Automated dispensing cabinets (ADCs) are essential technology to streamline medication management, reduce medication errors, and enhance patient safety in a host of settings like long-term care homes, hospice, and behavioural health. Using the right ADC results in significant time savings and cost reduction.
Despite these apparent benefits, long-term care (LTC) facilities are slow to adopt these solutions. As a result, many still experience significant challenges with medication right-on-time availability, rising costs, and security. Drug diversion, for example, is an ongoing challenge. Between 2013 and 2021, 11,328.5 tablets were stolen from Minnesota LTC and nursing home residents alone, 97.5% of which were controlled substances.
However, strategic use of integrated technology and automated products can improve controlled medication security and reduce errors in LTCs while saving costs and improving resident care. In this blog, we will debunk misconceptions about the implementation and use challenges of ADCs and demonstrate the undeniable benefits, including cost savings and safety improvements, compared to manual medication storage and retrieval onsite in a long-term care facility.
Challenges of Medication Management in Long-Term Care Pharmacy (LTC)
Long-term care facilities and pharmacies are currently trailing behind hospitals and health systems regarding technological infrastructure and utilisation. Over the years, facilities have been slow to adopt many forms of IT, from electronic health records to automated dispensing cabinets, for reasons such as:
- Concern about complex implementation
- Belief that the high implementation cost outweighs the long-term cost savings.
However, manual and stationary medication management poses significant challenges that may outweigh any perceived drawbacks of ADC technology. Many facilities handle medications at the nursing station and dispense all drugs simultaneously during the med pass. Also, nurses may go back and forth between the patient and the nursing station to distribute meds.
The risk of medication errors with these practices is high. Staff may forget the dosing between trips, misplace medications, or document incorrectly, leading to overdoses or dispensing the wrong product to the wrong patient. All of these errors can negatively impact patient care.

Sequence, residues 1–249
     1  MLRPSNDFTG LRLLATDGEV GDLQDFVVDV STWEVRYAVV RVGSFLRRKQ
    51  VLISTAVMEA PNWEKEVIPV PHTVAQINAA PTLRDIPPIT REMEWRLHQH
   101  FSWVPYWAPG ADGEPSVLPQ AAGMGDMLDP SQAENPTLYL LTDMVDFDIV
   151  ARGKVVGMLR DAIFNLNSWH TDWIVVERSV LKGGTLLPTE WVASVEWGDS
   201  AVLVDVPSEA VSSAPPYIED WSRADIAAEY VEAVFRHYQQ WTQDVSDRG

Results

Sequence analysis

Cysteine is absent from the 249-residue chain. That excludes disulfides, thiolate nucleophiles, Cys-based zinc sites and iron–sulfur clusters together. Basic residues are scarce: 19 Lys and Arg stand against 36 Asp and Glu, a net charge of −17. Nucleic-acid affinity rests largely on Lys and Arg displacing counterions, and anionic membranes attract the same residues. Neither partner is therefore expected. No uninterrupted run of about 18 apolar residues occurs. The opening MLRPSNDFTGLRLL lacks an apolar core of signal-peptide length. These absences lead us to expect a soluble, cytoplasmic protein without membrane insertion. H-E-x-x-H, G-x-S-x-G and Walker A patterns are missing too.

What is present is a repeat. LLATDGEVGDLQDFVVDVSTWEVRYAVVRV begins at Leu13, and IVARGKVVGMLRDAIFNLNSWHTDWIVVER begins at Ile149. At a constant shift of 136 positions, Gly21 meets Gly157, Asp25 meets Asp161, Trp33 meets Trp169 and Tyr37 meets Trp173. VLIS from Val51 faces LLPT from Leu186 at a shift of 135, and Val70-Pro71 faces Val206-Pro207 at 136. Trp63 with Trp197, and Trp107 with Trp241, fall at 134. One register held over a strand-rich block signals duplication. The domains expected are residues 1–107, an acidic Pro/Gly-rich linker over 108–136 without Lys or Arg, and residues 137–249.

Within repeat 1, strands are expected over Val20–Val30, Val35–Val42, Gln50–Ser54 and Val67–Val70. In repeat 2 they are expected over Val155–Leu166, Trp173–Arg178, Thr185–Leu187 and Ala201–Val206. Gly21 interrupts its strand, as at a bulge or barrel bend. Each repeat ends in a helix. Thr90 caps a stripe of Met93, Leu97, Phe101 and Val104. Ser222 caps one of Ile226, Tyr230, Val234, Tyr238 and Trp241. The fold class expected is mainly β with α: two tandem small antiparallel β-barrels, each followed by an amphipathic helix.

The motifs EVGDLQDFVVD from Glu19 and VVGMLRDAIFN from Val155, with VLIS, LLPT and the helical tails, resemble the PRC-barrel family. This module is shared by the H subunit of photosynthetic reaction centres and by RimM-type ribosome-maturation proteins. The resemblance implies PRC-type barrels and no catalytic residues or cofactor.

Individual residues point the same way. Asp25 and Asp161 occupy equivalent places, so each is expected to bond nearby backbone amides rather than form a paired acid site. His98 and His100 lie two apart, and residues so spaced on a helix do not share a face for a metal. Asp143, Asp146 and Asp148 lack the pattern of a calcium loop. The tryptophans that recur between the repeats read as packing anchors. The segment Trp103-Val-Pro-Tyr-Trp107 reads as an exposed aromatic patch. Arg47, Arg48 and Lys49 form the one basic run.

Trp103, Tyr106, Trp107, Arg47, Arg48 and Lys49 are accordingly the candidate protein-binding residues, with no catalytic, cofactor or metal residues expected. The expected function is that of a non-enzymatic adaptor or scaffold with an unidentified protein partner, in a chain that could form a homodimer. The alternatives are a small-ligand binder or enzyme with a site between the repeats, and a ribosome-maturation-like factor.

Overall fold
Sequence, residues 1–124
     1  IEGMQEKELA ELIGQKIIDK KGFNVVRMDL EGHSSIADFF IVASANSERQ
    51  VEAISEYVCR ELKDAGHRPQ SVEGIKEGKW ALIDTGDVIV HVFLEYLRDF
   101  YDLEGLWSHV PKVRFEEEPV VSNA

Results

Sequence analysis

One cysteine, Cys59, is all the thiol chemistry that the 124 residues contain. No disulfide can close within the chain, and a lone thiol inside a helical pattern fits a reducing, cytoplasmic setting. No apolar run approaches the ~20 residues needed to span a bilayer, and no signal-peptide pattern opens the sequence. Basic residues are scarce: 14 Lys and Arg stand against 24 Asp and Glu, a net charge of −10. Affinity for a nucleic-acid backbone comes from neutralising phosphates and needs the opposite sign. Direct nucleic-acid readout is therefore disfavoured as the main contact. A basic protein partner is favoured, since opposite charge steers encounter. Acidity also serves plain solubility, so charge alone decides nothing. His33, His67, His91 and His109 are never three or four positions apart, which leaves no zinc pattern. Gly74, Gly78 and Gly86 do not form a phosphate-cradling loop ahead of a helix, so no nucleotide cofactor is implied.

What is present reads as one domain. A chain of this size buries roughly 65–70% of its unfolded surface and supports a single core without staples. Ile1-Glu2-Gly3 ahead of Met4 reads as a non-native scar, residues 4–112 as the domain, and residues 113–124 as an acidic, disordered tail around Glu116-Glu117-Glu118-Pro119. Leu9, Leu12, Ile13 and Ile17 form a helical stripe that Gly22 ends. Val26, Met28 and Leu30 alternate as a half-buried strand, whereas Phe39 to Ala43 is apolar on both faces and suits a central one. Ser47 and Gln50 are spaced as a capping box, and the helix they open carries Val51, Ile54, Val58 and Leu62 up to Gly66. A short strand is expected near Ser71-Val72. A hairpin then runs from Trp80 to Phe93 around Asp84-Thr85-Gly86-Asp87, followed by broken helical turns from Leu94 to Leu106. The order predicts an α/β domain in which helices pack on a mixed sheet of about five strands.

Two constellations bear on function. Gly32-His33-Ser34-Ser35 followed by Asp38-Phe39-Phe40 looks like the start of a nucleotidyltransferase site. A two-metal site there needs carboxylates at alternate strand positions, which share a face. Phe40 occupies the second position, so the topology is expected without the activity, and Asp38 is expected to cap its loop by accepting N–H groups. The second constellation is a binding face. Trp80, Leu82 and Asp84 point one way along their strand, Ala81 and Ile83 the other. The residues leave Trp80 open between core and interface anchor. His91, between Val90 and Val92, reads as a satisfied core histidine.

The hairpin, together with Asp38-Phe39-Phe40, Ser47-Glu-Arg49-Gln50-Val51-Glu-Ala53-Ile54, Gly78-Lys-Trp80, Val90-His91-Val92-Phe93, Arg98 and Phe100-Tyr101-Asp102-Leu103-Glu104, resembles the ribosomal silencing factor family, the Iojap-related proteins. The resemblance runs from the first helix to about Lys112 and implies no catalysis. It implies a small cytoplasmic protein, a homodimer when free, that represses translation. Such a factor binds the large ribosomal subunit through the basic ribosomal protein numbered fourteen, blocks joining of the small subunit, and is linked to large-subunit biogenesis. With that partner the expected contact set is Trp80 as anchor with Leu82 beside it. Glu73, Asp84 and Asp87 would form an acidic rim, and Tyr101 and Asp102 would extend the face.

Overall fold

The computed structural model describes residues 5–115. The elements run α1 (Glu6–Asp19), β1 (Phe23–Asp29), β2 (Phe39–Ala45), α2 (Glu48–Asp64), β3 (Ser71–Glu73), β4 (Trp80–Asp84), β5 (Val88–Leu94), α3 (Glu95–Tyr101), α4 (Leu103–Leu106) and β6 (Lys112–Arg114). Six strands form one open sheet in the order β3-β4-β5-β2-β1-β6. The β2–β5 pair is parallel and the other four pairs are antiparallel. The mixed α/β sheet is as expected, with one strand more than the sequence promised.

Rate of Medical Management Errors in LTCs
Unfortunately, medication errors are common in LTC settings. A study of 25 nursing homes found that 92% of these sites reported 2,731 errors over one year. Of those errors, 8% seriously impacted patients and required intervention or monitoring.
The most common errors were missed doses, overdose, underdose, wrong strength, wrong patient, and wrong product.
Other data shows similar trends. An analysis of medication safety reports examined repeat errors in LTC facilities over two years. The study found that among the most common mistakes, 65% were a wrong dose, and 10% were incorrect administration. Errors were more common among older residents than younger, and repeat errors were more likely to be harmful.
It’s irrefutable that drug errors and medication challenges are dangerous, costly, and can directly affect resident care and nurses’ medication access precisely when needed. But, technology that reduces the potential for human error is essential for patient safety and better outcomes.
Benefits of Automated Dispensing Cabinets (ADC)
The healthcare industry has carefully capitalised on technology in hospitals and other settings, using it in meaningful ways that benefit organisations, healthcare professionals, and patients alike.
Streamlined Medication Management